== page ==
Training Your Pointer Border Collie Mix
The Pointer Border Collie mix is a mix of two intelligent dogs.
They will likely enjoy training and catch on pretty quickly.
However, their high intelligence also means that they require regular mental exercise to be happy.
Without it, they will soon become bored and make their own fun – which is usually not what you want them to do.
We recommend getting started on crate training early.
These crossbreeds are very active, so getting them used to a crate early is essential.
You should also begin potty training as soon as possible.
While these dogs are sure to pick it up quickly, starting early eliminates the chance of bad habits forming.
These dogs are very active and need exercise regularly.
You should be sure to teach them how to correctly walk on a leash early so that they can get the exercise they need.
Pointer Border Collie Mix Health
Like all dogs, these canines are prone to a few health problems.
There are two major ones you want to look out for: hip dysplasia and Addison’s disease.
Hip dysplasia is common amongst medium and large dogs. Both the Border Collie and Pointer are prone to it.
This makes it extremely important for you to keep an eye on your mixed breed puppy.
Luckily, X-rays can detect this problem early on.
And, ethical breeders will avoid breeding dogs who have bad hips.
Addison’s disease is caused by a lower than average production of hormones.
Border collies are prone to this disease.
There are also a few minor eye diseases you should watch for, including cataracts, and a specific eye abnormality known as Collie eye.
Breeding Border Collies should have an eye exam every year.
Do Pointer Border Collie Mix Make Good Family Dogs?
With the proper training and care, the Pointer Border Collie mix can make a good family dog.
They do require quite a bit of exercise and mental stimulation though.
So, be sure you have the time to commit to your dog before adopting one.
Due to their herding instincts, this mix probably will not work best in homes with small children, however.
Rescuing a Pointer Border Collie Mix
If you decide to rescue a Pointer Border Collie mix, keep in mind that it can be challenging to locate an exact mixed breed.
We recommend contacting local shelters and letting them know what you’re looking for.
Many will contact you if an appropriate dog happens to come through their doors.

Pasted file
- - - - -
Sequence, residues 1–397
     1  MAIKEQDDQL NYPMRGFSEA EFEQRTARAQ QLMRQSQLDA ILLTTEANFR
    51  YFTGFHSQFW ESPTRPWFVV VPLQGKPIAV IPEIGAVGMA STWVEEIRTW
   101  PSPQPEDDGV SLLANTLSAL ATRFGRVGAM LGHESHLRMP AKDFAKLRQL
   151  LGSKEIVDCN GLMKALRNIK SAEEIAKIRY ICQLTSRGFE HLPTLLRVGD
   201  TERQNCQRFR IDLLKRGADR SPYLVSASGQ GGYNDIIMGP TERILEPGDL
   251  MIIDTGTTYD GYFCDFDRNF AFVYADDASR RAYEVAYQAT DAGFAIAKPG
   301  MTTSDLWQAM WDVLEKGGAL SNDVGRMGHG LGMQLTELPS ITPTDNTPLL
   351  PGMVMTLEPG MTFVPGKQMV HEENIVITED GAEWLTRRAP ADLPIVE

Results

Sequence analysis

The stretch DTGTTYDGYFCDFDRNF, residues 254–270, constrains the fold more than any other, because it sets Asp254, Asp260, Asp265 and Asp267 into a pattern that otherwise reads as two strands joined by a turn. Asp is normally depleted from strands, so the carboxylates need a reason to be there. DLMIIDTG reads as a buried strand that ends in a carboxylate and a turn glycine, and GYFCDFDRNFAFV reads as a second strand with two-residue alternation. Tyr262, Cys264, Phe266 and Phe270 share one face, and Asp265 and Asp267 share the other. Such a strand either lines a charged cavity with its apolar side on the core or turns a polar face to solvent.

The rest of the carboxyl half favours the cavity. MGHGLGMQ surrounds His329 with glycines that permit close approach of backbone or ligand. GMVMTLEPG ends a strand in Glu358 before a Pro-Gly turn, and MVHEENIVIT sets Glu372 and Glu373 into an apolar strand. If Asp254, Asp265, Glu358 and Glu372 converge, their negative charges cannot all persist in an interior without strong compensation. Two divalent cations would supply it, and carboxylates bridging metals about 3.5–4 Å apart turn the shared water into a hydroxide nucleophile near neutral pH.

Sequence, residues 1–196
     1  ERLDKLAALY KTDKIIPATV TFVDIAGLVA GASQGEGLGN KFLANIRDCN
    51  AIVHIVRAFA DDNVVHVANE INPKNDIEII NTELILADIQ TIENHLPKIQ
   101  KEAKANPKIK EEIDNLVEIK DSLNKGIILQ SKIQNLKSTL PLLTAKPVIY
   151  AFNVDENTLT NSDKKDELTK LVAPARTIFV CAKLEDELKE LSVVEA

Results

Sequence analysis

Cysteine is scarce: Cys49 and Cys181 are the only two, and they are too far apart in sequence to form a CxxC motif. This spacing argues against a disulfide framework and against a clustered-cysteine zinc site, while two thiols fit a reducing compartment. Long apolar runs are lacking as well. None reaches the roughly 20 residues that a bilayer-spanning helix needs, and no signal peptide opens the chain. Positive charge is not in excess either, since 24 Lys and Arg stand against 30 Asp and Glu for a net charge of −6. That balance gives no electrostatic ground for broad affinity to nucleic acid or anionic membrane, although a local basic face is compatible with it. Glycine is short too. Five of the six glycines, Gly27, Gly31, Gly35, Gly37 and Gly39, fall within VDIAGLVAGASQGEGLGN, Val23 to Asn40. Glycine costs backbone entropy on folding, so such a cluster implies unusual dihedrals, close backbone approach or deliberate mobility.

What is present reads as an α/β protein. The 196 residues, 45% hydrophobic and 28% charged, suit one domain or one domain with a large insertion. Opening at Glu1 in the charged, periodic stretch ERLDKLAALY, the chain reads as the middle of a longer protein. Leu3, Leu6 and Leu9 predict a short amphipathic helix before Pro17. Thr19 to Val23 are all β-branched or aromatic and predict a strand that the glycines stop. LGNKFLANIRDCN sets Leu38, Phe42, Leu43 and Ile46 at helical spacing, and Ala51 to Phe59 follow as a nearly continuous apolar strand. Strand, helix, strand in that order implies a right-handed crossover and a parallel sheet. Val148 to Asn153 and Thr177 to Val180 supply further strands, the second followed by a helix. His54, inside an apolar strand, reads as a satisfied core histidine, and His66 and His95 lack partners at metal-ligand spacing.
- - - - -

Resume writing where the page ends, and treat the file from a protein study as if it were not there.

When you bring your new pet home, prepare to give them time to adjust.
Most dogs will be scared and reluctant for a week or two when brought home.
Giving them space, take them out for exercise, and make sure their needs, and they will warm up to you faster.
Finding a Pointer Border Collie Mix Puppy
If you do not want to adopt an adult dog, we recommend seeking out a puppy from a reputable breeder.
While it can be tempting to purchase a dog from a pet store or puppy mill, these places do not follow good breeding practices and produce sickly puppies.
Instead, seek out a breeder that health tests all their dogs.
Ask if you can see the parents and interact with the puppies before committing to buying one.
You should also ask about the disease in the puppy’s ancestry, especially involving hip dysplasia.
Raising A Pointer Border Collie Mix Puppy
To get off on the right foot, we recommend informing yourself about proper puppy care.
Because of the Border Collie’s natural herding instinct, you should take particular care when introducing them to cats and children.
After your puppy settles in, we recommend beginning training right away.
These dogs are brilliant and benefit from having their mind stimulated through training and exercise.
Pointer Border Collie Mix Products and Accessories
It is essential for your puppy to be mentally stimulated.
Their intelligence is a double-edged sword.
They can pick up on training very quickly but will also become bored if not stimulated.
Puzzle toys are a great way to keep your dog entertained when you are busy or not at home.
Due to their high exercise requirement, we recommend keeping a stock of toys readily accessible.
Of course, choosing the correct food for your puppy is also very important. So, be sure to check out our complete guide to puppy nutrition.
Pros and Cons of Getting a Pointer Border Collie Mix
The Pointer Border Collie Mix is unsuitable for homes with small children.
Their strong herding instinct will often cause them to attempt to “herd” children, which may result in biting.
They also require quite a bit of exercise. After all, both parent breeds were bred to work all day.
They have quite a bit of stamina that must be ran off.